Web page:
One group of immigrants are failing to receive any attention from the immigration reform debate in Washington – deported veterans. According to a recent article in the Washington Post, veterans are being deported after serving in the U.S. military when they commit crimes.
Some of those who immigrated to the U.S. and served in the military as green-card holders were convicted, punished and banished from the country after completing their time of service. According to the Post, there have been hundreds, maybe even thousands, of veterans who have been expelled from the U.S. in recent years.
Crimes committed by immigrant veterans that led to their deportation include drug possession, bar fights, theft or forgery. Expelled veterans have come from countries like Mexico, Germany, Portugal, Italy and England and most have lived in the U.S. since they were children, the Post reported. Many are even being sent back to countries where they don’t know anyone and are unable to speak the native language.
According to U.S. immigration law, non-citizens who commit serious crimes must forfeit their right to continue living in the country. However, immigration advocates and those who have been banished want immigrant veterans to be treated as citizens of the U.S. Although they feel there should be punishment for any crimes committed, they argue that the conviction should not lead to deportation.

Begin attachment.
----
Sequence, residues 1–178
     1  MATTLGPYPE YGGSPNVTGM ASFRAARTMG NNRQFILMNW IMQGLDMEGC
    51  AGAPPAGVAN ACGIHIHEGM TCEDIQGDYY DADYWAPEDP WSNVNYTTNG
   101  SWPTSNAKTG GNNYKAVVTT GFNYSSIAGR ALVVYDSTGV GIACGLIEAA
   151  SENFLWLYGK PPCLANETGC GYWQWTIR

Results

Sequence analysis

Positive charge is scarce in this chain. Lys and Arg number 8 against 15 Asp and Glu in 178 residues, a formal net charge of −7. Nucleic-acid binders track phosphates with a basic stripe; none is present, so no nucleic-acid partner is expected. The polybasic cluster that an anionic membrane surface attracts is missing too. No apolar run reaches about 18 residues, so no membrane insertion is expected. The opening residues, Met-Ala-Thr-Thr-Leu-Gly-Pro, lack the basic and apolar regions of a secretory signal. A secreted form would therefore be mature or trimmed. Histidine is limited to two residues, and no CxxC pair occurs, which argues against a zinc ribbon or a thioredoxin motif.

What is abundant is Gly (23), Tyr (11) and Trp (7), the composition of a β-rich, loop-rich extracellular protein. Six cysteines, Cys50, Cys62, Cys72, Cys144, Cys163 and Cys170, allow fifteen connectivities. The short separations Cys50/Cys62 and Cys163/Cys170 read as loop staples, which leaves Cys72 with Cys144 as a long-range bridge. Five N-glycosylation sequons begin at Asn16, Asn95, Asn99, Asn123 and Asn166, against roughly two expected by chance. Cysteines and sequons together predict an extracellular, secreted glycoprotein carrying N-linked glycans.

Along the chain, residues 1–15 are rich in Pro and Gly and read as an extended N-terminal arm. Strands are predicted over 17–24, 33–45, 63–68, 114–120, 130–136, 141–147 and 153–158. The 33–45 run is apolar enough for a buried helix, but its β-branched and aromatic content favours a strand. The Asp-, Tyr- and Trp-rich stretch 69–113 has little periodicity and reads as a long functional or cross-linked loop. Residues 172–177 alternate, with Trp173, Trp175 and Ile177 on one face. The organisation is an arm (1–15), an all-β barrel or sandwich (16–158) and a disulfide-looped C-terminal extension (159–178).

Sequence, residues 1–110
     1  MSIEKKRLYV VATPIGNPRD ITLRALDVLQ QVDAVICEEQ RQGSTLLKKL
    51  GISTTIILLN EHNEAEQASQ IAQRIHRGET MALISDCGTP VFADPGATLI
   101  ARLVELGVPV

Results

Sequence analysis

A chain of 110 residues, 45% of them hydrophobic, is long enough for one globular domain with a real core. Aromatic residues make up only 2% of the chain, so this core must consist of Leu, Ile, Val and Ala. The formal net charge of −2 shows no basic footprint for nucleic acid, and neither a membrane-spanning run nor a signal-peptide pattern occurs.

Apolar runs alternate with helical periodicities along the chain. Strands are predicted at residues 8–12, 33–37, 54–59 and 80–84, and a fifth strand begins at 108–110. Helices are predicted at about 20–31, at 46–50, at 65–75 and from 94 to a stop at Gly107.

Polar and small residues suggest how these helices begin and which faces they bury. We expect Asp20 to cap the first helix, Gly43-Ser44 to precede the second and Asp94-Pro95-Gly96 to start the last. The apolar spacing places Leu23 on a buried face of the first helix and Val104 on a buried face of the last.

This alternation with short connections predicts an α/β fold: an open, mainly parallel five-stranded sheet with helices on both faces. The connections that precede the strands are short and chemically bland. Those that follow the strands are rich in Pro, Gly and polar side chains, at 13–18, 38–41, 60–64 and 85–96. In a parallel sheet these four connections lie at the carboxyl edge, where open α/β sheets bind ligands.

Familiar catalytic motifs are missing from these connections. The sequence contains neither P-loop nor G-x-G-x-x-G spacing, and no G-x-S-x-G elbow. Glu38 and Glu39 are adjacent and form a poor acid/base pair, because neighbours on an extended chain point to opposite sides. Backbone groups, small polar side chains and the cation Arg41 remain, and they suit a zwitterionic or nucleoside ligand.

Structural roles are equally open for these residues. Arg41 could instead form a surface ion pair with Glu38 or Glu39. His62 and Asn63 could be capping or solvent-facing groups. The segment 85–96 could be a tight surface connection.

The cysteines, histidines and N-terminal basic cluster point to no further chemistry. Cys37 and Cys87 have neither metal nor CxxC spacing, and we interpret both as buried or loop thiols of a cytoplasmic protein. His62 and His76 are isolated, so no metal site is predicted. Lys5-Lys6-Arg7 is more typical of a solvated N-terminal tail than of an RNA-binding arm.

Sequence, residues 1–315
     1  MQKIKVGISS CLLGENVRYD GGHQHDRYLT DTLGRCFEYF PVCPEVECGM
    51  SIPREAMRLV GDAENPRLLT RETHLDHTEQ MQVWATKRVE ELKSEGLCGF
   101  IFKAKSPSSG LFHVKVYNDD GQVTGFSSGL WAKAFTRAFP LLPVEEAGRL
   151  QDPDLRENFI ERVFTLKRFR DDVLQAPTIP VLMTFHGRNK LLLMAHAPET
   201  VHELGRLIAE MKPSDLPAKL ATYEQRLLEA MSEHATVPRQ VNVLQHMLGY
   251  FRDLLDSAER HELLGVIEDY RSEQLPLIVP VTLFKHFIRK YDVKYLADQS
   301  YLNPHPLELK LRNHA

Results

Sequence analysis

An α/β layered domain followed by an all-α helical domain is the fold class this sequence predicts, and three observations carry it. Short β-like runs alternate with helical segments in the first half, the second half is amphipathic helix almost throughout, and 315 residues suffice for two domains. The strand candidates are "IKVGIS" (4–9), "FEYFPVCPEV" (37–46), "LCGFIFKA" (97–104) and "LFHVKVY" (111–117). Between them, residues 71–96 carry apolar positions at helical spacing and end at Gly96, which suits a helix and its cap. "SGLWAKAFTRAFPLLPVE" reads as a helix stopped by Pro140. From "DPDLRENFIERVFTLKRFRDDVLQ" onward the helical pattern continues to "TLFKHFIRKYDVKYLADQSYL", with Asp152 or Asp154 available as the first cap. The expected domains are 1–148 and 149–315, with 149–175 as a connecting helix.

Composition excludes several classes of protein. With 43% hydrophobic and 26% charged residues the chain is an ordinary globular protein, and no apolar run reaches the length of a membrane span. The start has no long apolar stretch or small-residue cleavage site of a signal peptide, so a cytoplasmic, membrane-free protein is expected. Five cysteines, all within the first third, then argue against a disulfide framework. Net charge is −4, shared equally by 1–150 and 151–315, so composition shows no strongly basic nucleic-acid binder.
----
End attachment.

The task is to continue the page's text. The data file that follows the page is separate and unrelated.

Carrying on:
“One thing America has always done is revere its veterans,” retired Air Force General Richard Myers told the source. “To say to them, ‘You swore to support and defend the Constitution and put your life on the line for the rest of us. But you’re not a citizen. So, too bad. You’re gone.’ I just think that’s not us.”
Myers doesn’t think it’s fair to veterans for them to be deported for committing a crime. According to the Post, deported veterans are banned from the U.S. for life but are entitled to a burial at a military cemetery including an engraved headstone, an American flag draped over their casket and the Department of Veterans Affairs will pay $300 toward the cost of bringing the remains of a deported veteran back to the U.S.